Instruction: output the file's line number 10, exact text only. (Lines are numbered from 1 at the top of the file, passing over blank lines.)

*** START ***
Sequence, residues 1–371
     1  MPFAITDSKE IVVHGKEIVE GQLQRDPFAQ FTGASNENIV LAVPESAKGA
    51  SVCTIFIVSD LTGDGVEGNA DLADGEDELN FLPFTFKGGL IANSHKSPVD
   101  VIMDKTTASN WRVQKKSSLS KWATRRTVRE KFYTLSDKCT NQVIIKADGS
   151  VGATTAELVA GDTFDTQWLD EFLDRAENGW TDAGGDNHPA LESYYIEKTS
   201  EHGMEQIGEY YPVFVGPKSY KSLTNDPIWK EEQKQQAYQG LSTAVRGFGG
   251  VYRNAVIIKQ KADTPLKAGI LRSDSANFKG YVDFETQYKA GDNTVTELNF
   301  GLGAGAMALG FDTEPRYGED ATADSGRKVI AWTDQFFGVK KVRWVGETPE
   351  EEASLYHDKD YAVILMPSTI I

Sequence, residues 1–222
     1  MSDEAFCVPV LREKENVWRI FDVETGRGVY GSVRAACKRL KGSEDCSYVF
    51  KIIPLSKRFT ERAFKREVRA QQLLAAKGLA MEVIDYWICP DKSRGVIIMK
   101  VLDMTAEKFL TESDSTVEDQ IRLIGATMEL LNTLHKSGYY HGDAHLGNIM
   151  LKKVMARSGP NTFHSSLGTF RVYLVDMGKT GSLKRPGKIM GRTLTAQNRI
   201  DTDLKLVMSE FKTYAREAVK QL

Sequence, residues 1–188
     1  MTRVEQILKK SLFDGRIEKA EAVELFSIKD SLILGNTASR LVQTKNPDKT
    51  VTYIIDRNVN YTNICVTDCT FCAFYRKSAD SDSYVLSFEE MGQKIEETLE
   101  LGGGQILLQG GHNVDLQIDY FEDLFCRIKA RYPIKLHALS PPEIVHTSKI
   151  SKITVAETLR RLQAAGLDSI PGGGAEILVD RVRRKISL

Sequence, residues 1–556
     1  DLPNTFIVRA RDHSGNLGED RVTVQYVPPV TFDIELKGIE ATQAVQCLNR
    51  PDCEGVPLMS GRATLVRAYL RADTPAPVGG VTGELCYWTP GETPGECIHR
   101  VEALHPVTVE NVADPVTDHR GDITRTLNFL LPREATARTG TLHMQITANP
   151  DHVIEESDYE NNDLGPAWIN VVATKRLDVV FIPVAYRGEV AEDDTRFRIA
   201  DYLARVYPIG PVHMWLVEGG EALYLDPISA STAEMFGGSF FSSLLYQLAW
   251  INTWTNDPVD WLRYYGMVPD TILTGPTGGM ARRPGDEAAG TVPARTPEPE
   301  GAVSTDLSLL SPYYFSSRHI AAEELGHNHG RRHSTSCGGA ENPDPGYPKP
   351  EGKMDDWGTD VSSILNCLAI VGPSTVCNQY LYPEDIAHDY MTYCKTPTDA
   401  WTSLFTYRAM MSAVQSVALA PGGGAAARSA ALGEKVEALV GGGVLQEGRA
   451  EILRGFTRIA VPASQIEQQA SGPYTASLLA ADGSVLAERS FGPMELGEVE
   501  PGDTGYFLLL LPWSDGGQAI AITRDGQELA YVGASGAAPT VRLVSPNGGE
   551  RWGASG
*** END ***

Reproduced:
Sequence, residues 1–222